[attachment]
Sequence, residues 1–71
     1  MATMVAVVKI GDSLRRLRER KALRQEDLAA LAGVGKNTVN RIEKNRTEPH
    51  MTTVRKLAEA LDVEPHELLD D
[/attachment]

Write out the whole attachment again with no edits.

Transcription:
Sequence, residues 1–71
     1  MATMVAVVKI GDSLRRLRER KALRQEDLAA LAGVGKNTVN RIEKNRTEPH
    51  MTTVRKLAEA LDVEPHELLD D